Thanked students for not writing answers on buses
The University of Oxford’s EU law team has been commended for its “A+ trolling” after it poked fun at the Vote Leave campaign in its 2017 examiners’ report.
Law students will likely be familiar with these reports, which are compiled to give students and staff a rundown of how the academic year went. Buried in page 28 of Oxford’s end of year run-through — alongside to-be-expected information such as the percentage of students scoring firsts and the general procedure for marking papers — was this excellent line:
“All scripts were written in the standard answer books. No one wrote on the side of a bus. We are grateful for this. Experiences suggest it is hard to tell the truth about the EU when using such a medium.”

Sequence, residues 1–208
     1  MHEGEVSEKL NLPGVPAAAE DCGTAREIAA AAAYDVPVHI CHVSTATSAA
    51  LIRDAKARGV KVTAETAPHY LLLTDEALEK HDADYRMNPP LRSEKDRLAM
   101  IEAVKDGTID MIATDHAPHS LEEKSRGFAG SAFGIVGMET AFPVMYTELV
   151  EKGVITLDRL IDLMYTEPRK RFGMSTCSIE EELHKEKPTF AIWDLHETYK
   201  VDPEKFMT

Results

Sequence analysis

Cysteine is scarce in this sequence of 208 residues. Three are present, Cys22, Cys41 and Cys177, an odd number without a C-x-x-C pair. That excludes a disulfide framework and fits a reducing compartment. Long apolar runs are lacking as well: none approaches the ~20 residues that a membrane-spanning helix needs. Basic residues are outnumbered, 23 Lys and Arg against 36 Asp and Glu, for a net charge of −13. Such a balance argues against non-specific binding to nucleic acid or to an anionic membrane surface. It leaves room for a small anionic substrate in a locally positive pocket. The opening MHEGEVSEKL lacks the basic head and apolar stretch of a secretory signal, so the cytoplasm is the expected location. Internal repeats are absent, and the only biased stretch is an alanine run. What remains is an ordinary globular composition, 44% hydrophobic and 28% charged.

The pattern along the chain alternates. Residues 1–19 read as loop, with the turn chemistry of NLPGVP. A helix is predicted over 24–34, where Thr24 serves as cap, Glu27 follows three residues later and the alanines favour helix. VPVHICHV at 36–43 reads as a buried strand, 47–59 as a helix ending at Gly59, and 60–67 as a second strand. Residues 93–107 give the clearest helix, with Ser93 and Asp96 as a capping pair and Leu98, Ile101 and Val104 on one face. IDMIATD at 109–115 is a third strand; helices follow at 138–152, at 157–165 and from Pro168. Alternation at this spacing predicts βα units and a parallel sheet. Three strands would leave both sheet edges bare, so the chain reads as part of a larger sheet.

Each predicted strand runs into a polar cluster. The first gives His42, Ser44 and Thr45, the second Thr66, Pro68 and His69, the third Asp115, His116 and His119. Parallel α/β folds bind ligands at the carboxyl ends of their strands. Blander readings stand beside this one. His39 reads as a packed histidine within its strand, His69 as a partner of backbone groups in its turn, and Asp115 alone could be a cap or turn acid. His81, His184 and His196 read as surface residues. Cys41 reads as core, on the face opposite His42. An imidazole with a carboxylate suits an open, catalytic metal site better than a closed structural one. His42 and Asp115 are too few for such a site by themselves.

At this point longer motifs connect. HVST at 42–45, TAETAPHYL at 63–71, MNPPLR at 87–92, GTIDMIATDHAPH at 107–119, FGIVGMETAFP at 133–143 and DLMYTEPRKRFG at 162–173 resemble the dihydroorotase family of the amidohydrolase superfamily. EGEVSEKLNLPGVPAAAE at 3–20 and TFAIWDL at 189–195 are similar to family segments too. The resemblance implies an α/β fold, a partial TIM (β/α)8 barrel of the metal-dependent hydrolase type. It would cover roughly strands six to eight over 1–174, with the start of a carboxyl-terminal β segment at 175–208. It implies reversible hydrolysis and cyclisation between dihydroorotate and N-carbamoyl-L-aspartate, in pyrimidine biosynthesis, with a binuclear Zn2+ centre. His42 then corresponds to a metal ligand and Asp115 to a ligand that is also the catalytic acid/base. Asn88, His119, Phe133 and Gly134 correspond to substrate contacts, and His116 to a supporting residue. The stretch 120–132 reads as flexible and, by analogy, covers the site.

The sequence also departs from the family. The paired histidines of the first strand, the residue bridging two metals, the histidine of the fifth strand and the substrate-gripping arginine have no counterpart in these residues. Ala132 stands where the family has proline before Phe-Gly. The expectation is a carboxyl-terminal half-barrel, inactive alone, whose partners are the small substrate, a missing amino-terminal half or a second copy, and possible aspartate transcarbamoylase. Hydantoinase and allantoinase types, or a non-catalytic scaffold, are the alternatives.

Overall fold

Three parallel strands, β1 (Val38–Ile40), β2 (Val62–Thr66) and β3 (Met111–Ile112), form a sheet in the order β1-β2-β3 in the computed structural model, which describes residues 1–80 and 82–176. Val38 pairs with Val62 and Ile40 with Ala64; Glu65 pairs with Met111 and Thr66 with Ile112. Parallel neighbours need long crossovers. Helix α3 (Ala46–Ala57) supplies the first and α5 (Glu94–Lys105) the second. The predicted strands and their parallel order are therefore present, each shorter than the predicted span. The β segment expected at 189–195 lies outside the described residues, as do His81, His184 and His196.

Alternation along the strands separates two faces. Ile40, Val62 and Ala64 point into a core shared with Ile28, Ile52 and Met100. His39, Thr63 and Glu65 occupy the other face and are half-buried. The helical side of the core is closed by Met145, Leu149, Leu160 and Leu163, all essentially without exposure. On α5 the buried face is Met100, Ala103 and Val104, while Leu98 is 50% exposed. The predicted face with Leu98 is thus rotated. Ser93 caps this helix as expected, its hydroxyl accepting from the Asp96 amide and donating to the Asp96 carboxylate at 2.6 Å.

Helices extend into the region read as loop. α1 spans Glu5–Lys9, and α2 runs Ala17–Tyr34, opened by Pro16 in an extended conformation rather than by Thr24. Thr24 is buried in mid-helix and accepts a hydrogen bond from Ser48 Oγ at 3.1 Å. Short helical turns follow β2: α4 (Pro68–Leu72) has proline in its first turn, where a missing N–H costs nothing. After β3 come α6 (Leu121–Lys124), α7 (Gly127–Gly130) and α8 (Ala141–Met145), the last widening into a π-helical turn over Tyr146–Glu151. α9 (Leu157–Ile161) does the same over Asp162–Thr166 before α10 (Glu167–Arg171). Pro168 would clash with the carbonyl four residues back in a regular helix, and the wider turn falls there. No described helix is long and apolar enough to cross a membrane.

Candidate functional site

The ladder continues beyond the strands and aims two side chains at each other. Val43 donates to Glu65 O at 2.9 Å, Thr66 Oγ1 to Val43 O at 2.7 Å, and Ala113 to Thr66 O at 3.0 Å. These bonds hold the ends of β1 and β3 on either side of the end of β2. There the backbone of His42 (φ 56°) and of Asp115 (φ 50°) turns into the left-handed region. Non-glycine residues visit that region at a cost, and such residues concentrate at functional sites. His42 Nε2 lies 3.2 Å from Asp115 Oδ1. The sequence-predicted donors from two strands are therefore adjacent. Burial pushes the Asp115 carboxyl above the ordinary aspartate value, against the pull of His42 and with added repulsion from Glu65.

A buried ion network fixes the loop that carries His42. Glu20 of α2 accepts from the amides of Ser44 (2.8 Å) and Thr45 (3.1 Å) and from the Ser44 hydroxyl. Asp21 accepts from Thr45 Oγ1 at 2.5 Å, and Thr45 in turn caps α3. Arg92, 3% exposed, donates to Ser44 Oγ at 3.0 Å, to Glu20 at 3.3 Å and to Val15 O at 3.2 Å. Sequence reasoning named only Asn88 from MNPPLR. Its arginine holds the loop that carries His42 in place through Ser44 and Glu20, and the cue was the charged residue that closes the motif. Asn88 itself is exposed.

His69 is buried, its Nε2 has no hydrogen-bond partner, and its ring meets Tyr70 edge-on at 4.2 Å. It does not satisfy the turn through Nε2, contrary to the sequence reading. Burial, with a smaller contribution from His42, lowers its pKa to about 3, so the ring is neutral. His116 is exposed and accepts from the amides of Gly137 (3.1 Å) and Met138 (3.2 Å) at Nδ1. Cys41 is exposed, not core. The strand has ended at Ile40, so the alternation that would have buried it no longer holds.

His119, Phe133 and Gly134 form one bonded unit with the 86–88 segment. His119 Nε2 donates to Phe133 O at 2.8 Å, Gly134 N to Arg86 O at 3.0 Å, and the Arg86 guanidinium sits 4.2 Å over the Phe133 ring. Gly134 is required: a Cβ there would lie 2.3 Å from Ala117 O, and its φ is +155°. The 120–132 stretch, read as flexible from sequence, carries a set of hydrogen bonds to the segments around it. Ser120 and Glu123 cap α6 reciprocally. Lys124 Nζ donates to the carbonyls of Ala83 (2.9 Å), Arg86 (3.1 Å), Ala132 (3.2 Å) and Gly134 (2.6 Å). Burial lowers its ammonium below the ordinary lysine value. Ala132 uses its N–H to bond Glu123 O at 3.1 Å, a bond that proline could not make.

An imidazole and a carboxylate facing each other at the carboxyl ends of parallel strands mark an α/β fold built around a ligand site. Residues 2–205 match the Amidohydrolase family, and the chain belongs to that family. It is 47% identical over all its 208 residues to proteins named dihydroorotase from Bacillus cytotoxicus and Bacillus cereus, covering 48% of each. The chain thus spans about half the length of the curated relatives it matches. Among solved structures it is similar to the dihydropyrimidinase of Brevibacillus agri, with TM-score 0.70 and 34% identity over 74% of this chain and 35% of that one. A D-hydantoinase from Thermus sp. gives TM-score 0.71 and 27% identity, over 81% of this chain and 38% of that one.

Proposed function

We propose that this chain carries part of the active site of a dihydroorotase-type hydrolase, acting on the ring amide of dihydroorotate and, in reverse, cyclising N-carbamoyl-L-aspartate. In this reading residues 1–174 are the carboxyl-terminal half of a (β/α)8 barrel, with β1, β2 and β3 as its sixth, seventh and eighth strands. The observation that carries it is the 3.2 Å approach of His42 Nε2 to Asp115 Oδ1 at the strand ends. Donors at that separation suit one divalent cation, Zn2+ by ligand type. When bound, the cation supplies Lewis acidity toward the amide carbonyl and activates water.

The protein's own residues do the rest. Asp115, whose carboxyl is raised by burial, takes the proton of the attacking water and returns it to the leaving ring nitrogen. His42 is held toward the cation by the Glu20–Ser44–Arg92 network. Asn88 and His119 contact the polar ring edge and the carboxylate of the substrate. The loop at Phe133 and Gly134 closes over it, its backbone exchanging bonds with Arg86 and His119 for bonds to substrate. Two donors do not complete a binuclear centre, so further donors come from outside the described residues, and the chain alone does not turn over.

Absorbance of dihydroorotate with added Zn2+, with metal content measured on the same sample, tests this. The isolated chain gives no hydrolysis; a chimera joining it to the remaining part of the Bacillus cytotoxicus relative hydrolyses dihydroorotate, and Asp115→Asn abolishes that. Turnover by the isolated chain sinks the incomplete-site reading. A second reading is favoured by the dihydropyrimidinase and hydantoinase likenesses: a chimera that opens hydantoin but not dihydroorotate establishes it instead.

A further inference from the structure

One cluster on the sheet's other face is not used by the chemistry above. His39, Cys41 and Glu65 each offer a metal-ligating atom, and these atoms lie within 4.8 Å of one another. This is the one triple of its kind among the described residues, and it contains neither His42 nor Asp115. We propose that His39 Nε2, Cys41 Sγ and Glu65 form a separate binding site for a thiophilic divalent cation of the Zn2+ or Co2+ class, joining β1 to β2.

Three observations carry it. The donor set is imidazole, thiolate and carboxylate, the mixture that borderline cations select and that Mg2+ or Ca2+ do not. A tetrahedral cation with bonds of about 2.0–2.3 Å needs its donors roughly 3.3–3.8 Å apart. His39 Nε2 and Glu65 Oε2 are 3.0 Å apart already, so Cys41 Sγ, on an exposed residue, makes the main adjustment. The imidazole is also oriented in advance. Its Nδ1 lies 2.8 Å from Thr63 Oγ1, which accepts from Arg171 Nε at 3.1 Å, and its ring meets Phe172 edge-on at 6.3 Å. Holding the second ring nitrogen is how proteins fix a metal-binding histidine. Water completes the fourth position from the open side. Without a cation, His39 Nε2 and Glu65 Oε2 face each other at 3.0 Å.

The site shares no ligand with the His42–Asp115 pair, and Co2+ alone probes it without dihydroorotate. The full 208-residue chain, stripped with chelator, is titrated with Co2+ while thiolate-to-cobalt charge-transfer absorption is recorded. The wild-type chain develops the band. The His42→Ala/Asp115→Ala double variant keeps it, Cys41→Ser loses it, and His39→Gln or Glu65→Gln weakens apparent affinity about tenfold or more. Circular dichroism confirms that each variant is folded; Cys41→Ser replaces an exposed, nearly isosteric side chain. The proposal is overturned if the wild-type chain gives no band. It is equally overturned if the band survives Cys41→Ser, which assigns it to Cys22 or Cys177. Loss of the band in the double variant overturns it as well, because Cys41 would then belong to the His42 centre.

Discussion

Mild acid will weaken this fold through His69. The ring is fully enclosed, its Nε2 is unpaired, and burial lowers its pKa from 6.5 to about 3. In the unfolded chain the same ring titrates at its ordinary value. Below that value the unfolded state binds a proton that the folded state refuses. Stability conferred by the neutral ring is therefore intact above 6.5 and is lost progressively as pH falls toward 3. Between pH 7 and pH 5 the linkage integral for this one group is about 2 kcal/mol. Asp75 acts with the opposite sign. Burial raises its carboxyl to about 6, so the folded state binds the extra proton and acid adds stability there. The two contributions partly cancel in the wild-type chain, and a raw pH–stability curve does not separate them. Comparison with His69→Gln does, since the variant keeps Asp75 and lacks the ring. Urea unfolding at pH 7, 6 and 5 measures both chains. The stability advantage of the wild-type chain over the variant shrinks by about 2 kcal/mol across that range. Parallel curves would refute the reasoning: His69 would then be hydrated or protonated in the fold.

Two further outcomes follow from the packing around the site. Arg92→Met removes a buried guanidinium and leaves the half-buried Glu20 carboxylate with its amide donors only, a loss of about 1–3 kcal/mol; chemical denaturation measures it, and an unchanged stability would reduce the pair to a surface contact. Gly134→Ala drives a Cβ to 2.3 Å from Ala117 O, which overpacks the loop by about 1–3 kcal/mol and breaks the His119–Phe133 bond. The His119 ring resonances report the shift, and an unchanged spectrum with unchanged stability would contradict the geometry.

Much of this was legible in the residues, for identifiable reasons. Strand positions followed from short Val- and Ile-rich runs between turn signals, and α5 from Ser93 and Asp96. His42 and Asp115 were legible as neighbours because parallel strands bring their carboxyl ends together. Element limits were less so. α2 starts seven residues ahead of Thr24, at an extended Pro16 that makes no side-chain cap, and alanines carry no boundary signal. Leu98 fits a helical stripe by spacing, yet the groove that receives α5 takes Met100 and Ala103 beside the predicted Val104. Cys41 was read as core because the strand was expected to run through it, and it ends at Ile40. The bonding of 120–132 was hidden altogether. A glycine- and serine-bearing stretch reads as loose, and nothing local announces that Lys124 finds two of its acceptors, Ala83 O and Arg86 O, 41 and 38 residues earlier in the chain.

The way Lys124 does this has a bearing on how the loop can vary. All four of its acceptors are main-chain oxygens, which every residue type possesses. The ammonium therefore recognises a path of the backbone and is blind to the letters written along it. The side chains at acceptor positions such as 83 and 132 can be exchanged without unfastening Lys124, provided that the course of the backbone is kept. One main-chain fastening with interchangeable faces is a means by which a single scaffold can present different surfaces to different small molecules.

Legal Cheek can only assume this comment is in relation to Vote Leave’s infamous £350 million bus message (pictured top), which continues to provoke controversy to this day.
The jibe featured in the Oxford report’s ‘European Union Law’ section, which then follows with a more in-depth look at the questions answered by students.
Highlights here include “’O it’s the subsidiarity question!’ thought too many students brightly, before trotting out their prepared answer” in relation to question three, and a warning that “a simple uncritical trundle through the case law isn’t enough” for high marks on question five. Legal Cheek can confirm the report’s sections on the international trade exam, the labour law exam and the personal property exam weren’t quite so animated.
Back to the bus comment, which was posted on Twitter by Katy Sheridan, a Bachelor of Civil Law (BCL) student at Oxford.
Oxford Law Fac 2017 Examiners' Report on EU law exam. Priceless. pic.twitter.com/CjBSC1xwoA
— Katy Sheridan (@katy_sheridan) November 16, 2017